[The Leaven – exploring the relationship between science and religion (cont)]
Leaven cannot be regarded as an entirely synonymous term for yeast as, in reality, it was a lump of dough contaminated with actively multiplying microbes from a diversity of species; that would have mainly included yeasts but other microbes would have also been present. Leaven would most certainly also have contained pathogenic contaminants spread by animals and insect vectors. Nevertheless the fermenting characteristics of leaven and yeast are most likely to be very similar and, from an uninformed perspective, the biological process behind the ability to ferment would have been shrouded in mystery. Leaven is still used to make bread in the 21st century, both commercially and domestically, but now it is normally referred to as sour-dough.
Investigating how leaven was perceived in the Bible gives a surprising insight into the socio-politics of the period. It allows the investigator to come face to face with the uncertainties and fears that the people of that period experienced. One particular pattern to be identified is the lack of control certain groups in society had over their lives and destiny, some comfort may have been derived from following certain rituals and rites. Through participating in ceremony there was a degree of control and organisation. Therefore, some satisfaction may have been gleaned in believing that these actions could bring about change, whereas ordinarily uncertainty and fear of suffering would have been the predominate factors. During the times preceding the Old Testament, the most populated areas were in the valley of the Nile and Fertile Crescent, which is the region between Palestine and the flood plains of the Tigris and the Euphrates. Heat, stagnating water and human waste would have provided exceptional breeding grounds for a host of pathogens. The most common health conditions would probably arise from parasitical or insect borne infections, such as bilharzia, malaria and trachoma, and viral or bacterial diseases, perhaps including bubonic plague, smallpox, measles, tuberculosis, anthrax and cholera.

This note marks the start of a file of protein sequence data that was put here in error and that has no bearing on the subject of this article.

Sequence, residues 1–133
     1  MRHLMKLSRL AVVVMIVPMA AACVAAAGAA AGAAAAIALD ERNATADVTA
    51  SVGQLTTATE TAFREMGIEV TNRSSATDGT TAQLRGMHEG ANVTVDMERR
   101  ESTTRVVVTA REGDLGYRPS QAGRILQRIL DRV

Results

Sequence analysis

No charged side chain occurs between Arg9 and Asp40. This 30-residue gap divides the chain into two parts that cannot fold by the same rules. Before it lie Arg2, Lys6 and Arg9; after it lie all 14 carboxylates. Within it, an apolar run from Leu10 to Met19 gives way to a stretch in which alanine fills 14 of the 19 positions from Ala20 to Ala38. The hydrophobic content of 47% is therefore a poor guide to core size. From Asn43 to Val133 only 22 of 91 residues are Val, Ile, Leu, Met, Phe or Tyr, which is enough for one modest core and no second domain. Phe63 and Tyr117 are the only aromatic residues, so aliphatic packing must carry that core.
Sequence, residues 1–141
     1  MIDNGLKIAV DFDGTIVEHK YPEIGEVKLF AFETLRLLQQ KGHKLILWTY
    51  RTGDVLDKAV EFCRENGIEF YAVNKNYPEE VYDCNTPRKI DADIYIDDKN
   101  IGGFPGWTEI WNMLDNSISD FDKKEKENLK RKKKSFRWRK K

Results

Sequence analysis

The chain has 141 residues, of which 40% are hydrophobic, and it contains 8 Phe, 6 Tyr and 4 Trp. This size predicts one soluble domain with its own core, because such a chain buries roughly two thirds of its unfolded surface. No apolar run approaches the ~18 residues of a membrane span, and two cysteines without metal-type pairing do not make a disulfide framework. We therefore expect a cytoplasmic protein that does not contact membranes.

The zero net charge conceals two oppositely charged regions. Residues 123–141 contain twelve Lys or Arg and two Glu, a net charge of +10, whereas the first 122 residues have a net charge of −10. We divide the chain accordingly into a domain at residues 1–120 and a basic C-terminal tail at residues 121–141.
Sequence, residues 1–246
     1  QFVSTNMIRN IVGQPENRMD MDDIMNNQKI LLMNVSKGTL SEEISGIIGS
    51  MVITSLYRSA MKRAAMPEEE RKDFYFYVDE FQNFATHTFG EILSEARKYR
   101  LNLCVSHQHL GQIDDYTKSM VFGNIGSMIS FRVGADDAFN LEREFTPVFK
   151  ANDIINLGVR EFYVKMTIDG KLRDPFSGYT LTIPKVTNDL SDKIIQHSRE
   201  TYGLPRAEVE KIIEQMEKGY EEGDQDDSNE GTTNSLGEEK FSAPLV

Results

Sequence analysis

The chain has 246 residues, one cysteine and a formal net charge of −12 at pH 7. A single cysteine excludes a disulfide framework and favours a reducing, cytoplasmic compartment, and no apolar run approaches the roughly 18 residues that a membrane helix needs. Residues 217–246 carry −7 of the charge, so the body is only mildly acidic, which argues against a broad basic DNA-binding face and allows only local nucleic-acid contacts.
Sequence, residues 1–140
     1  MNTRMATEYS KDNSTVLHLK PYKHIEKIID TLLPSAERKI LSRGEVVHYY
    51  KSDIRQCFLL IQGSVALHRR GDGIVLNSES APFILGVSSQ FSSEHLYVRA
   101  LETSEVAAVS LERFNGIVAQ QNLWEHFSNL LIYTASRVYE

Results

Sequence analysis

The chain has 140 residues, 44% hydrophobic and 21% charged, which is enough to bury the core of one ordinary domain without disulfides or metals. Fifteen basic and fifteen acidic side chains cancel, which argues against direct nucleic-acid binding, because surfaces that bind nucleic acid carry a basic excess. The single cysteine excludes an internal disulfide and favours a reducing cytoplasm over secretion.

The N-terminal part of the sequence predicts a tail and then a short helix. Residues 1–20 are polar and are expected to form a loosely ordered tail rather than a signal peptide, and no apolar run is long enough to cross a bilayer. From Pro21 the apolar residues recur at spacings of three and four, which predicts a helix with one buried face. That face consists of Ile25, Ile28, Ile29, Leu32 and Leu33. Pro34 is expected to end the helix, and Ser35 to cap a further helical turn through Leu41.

The story of the Hebrews exodus from Egypt is where the symbolic importance of leaven in the Bible is first introduced. At first, it seems that the Hebrews were welcome in Egypt, enjoying a reasonable life-style. Amenenhat III is thought to have been the pharaoh that had made Joseph an advisor and allowed him to settle in the Delta. This was during, what archaeologists described as, the Middle Kingdom, which occurred from 2050 to 1786 BC. Joseph was a Semite, the favoured son of Jacob and descendent of Abraham the prophet. His popularity, believed to be a blessing from God, enabled him to become an important Egyptian governor. Joseph is noted for having dreamlike premonitions, through which he saves Egypt from famine and brings prosperity to the land. Around this period the Hyksos, renown for instigating the use of horse-drawn chariots, may have invaded vulnerable parts of Egypt. The Hyksos are thought to have built a town called Avaris in the Delta area and would have perhaps looked favourably upon the Hebrews, through empathizing with their predicament.
The Bible implies that as time passes the fate of the Hebrews became uncertain when a new Egyptian king, who did not remember Joseph, became ruler. This possibly occurred during the second intermediate period in Egyptian history, between 1786 and 1567 BC. A political change may have took place about this time when Ahmose I is thought to have expelled the occupying population of Hyksos from the Delta region, destroying Avaris and similar towns constructed by them. The Egyptians needed labour to carry out ambitious projects so enslaved vulnerable Hebrews and other tribal nomads.
Despite being condemned to slavery the Hebrew population flourished. The Bible states that the new king, fearing the growing population of Hebrews, tried to crush their spirit with hard labour by forcing them to build the store cities of Pithom and Rameses. In theory this could have been the rebuilding of towns on the sites of destroyed Hyksos cities. The city known in the Bible as Rameses is thought to have been Pi-Rameses an ancient town that would have covered most of Avaris but is now the site of a modern village called Qantir. As time passed, despite cruel and harsh treatment the Hebrew population still began to flourish. Fearing this growing population, the King of Egypt ordered all Hebrew male newborns to be killed and demanded that they be drowned in the River Nile. The validity of these events is supported by recent excavations that have uncovered a large number of graves found at the ancient site of Avaris. Strikingly, over 65 percent of the burials were of children below the age of two. It is thought that the Exodus took place sometime during the rule of Rameses II, around about 1290 BC. Although there is mounting evidence that points to an earlier date, perhaps in the rule of Dudimose, around 1447 BC. Discrepancies could have arisen because the Bible may be referring to Avaris as the city built by the Hebrews, but used the later name of Rameses. Nevertheless the Exodus is thought to have occurred during the New Kingdom, between 1567 and 1085 BC. Although other theories suggest that the Hyksos may have invaded after the Exodus, when the Israelite population had deserted and there was little resistance.